Mobile app or responsive website?


Having worked developing consumer websites for several years, I have often heard the phrase “when are we getting a mobile app”.

I was always of the opinion that a mobile responsive website was a higher priority than a mobile app and also that for most businesses, a mobile responsive website is all that’s needed.

First off, even before thinking of a mobile app these days your business website MUST be mobile responsive, end of.  Not least because before downloading an app your customers, or potential customers, are going to research exactly what you do and who you are, and guess what…they’ll likely do that on their mobile device, so before you even spend time thinking about a mobile app, get your website responsive.

Right, so you’ve heeded my advice – why wouldn’t you 🙂 – and your business website is now responsive, well done. Now let’s consider that mobile app that your investors and board REALLY want you to have, the first and foremost question should be, “do we really need an app?”.

In order to answer that question let’s look at the difference between a mobile site and a mobile app.

The mobile site basically renders your businesses website nicely on all mobile devices, mainly driven by the screen size. You can if you wish show different content to mobile browsers than desktop ones, if you really want to, but ask yourself why, before doing it.

A mobile site is an synchronous entity, you open your browser, enter the URL and then interact with the site as you would any website on the desktop. There is generally no necessity to authenticate or receive notifications from it, generally it’s your shop front, people have a look in and see what you do primarily, then they may come in a purchase a product or service from you, depending on what your business offers, and then your customer is gone again, there are ways to bring them back, marketing emails, etc, but generally the customer is in control of the interaction.

If your customers are offline, they can’t see your site or interact with it in any way.

A mobile app on the other hand enables a more lasting relationship with your customers – provided you can get them to install it of course, more on that later.

A mobile app has a better ability to act more asynchronously than a site, by sending notifications to your customers, which anecdotally seem to have a better cut-through with customers than emails.  Again, your customer has to agree to receive notifications. An app has easier access to resources on your customer’s mobile device, be it photos, contacts or location, and again if they allow your app those privileges.

A mobile app has the ability to allow your customers to interact with your app when they’re offline, with the app able to communicate this activity back to your business when they come online again, this in itself may be a major advantage for the app over the site.

If, when you come to design your app, you start to see many similarities with your existing website, then you should start to question if the app is really needed.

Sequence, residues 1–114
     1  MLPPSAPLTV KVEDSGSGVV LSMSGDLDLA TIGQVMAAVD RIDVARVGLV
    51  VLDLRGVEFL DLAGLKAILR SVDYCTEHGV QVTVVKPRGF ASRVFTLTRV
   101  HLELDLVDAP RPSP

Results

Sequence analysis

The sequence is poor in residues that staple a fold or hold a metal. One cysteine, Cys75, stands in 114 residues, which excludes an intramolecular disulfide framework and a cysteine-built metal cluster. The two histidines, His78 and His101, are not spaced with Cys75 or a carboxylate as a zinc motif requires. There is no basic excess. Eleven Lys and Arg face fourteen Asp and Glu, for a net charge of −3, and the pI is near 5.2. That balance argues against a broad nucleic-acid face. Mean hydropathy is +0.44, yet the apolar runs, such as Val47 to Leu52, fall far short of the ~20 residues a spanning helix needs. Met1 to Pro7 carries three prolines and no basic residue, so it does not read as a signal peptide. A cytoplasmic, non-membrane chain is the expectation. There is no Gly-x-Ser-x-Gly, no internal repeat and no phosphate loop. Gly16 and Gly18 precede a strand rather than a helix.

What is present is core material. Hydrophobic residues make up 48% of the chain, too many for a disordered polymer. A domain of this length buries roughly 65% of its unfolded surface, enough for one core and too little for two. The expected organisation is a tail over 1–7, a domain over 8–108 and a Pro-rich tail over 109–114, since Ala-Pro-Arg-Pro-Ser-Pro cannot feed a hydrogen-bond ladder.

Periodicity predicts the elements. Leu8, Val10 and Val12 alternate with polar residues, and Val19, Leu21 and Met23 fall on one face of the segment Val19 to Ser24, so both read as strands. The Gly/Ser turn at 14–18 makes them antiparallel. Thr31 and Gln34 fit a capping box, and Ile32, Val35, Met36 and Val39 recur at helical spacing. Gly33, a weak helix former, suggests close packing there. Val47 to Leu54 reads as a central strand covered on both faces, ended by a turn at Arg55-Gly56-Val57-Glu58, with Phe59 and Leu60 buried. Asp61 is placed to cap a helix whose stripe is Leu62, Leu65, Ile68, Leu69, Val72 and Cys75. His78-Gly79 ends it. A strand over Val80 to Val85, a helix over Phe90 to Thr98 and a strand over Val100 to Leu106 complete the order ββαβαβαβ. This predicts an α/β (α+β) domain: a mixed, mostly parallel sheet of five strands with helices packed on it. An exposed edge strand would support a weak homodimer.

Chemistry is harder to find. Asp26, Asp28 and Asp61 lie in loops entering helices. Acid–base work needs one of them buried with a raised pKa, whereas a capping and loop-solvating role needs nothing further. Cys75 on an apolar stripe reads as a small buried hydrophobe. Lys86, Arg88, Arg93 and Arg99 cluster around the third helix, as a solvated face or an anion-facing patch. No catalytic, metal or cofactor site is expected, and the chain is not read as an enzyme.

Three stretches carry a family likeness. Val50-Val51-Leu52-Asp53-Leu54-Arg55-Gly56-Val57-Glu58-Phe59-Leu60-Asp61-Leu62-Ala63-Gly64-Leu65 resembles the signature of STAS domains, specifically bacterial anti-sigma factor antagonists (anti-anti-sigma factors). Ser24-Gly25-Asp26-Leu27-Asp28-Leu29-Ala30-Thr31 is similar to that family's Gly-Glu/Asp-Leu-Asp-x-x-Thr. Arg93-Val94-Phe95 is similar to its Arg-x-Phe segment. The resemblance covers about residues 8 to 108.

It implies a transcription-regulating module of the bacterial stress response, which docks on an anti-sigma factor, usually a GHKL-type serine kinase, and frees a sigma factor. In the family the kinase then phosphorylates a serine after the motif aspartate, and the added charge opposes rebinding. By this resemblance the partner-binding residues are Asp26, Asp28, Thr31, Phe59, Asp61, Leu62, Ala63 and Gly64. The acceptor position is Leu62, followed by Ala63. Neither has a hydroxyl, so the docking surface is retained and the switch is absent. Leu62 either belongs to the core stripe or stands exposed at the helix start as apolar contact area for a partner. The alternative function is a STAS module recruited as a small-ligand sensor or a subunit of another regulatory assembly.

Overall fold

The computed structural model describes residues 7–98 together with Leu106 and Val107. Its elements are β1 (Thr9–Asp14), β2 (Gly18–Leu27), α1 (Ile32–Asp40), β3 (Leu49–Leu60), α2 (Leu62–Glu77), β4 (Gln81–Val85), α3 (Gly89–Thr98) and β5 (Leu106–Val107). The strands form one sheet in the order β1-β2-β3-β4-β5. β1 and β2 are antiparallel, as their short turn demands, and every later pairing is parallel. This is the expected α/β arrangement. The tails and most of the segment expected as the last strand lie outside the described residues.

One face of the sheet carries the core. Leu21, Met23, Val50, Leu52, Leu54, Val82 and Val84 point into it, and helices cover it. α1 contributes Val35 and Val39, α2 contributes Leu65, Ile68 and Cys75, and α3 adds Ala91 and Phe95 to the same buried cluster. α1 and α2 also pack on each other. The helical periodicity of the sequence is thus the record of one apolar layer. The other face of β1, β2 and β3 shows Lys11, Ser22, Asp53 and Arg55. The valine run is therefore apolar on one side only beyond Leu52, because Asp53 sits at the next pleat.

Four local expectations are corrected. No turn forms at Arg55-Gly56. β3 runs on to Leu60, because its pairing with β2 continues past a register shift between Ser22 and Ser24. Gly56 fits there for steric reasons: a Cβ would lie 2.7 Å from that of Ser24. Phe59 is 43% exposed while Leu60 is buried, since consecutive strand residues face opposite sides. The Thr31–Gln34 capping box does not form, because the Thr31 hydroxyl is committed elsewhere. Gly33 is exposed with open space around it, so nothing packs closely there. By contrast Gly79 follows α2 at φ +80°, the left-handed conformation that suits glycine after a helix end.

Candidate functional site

Advantages of a responsive site is that your existing front and back end developers can develop it with only slightly longer development time to make the mobile site look and function as you want.

A mobile app is expensive to develop and you probably don’t already have those skills in house.  If you’re spending less than $25K for an app then you’ll probably end up with a disappointing product that may do your business more harm than good. Throw into this the iOS vs Android vs Windows problem, and of course the fact that Android is more complex by the nature of different OS and hardware capabilities and you can have a very expensive product to a) develop in the first place and b) maintain as different hardware and OS versions are released.

So you decide to develop an app, great, once it’s developed though you then have the task of getting your customers to install it. It’s my opinion that this used to be easy, everyone loves apps and people are FAR more likely to install an app than they would be to install something on their desktop – trust me, we’ve tried – but now it seems to me that people are more savvy in what they download to their devices, they likely already have tens, if not, hundred of apps installed and unless your app gives them something they simply can’t live without, chances are they probably won’t download it and even if they do, they probably won’t use it – although you do have the luxury of notifications to prompt them to do so, unless they prevented your app from sending them.

There are solutions available that give you the advantages of an app, notifications for instance, with the re-use of your already developed mobile site, these seem to me to be great alternatives to a dedicated and bespoke app where the functionality can be achieved on your mobile site.

So, in conclusion, for me, unless there is a compelling and necessary reason why you should develop a mobile app – it’s functionality simply cannot be achieved via a mobile site – then don’t do it, invest a little more time and resources on your mobile site and save the expense and headache of developing and maintaining an app.

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